39. Humor If you don’t know what this is, I can’t help you. Examples: • Georgia Nicolson Books • How not to be popular by Jennifer Zeigler • Squashed by Joan Bauer • Antsy does time by Neal Schusterman • Heist Society by Ally Carter • The Possibilities of Sainthood by Freitas

    40. Guy Books Titles that are particularly good for the teen male. Examples: • Sunrise over Fallujah By Walter Dean Meyers • Game by Walter Dean Meyers • Big Field by Mike Lupica • The Trap by John Smelcer • The Absolutely True Diary of a Part Time Indian by Sherman Alexie

    41. Mystery Many teen books include elements of mystery and mystery books often cross genres into humor, historic fiction, and paranomal romance among others. Examples: • What I Saw and How I lied By Judie Blundell • Horatio Wilkes Mysteries By Alan Gratz • Death at Deacon Pond by E.M. Alexander • Snatched by Pete Hautman • Death by. . . Series by Linda Gerber • Echo Falls Mysteries by Peter Abrahms • Acceleration by Graham McNamee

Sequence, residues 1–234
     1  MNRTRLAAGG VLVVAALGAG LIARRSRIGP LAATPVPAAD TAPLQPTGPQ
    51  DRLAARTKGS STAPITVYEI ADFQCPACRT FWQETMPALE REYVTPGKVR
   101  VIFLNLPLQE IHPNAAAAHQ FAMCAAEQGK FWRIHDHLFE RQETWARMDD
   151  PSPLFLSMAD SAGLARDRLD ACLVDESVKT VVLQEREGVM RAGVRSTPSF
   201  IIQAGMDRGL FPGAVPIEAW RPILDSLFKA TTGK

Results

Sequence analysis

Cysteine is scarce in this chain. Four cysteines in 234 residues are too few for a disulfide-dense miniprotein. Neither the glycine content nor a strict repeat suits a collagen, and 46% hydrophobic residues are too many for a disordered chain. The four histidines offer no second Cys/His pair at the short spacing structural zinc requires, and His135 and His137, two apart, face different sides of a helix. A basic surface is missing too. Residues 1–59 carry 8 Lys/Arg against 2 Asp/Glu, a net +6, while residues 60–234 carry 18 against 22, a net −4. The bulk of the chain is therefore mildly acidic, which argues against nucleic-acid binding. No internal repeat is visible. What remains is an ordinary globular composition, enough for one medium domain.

42. Romance Romance is another genre that tends to cross over into other genres. Examples: • Two way street By Laurie Barnholdt • If you come softly by Jacqueline Woodson Bloom by Elizabeth Scott • What my mother doesn’t know by Sonya Sonnes • When it happens by Suzanne Colasanti • 20 Boy Summer by Sarah Ockler • The Lonely Hearts Club by Elizabeth Eulberg • The Book of Luke by Jenny O’Connell • Chasing Boys by Karen Tayleur

    43. Fantasy Genre that uses magic and other supernatural forms as a primary element of plot, theme, and/or setting • Examples: • Mortal Instruments Trilogy By Cassandra Clare • Gemma Doyle series By Libby Bray • Graceling By Kristin Cashore • Tamora Pierce Books • Ranger’s Apprentice Books • Levithan by Scott Westerfield • Finnikan of the Rock by Melina Marchetta • Selkie Girl by Laurie Brooks